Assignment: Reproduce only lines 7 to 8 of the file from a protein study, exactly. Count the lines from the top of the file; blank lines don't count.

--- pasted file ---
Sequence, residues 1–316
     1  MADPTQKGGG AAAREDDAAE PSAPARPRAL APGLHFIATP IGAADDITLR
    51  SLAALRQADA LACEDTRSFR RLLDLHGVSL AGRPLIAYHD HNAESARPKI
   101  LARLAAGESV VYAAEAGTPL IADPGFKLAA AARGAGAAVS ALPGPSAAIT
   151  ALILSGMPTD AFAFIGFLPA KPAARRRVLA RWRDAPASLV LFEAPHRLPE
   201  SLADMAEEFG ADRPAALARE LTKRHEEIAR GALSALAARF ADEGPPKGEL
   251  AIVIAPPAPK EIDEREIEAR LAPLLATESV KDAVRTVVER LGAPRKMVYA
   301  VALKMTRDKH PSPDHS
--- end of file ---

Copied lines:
   251  AIVIAPPAPK EIDEREIEAR LAPLLATESV KDAVRTVVER LGAPRKMVYA
   301  VALKMTRDKH PSPDHS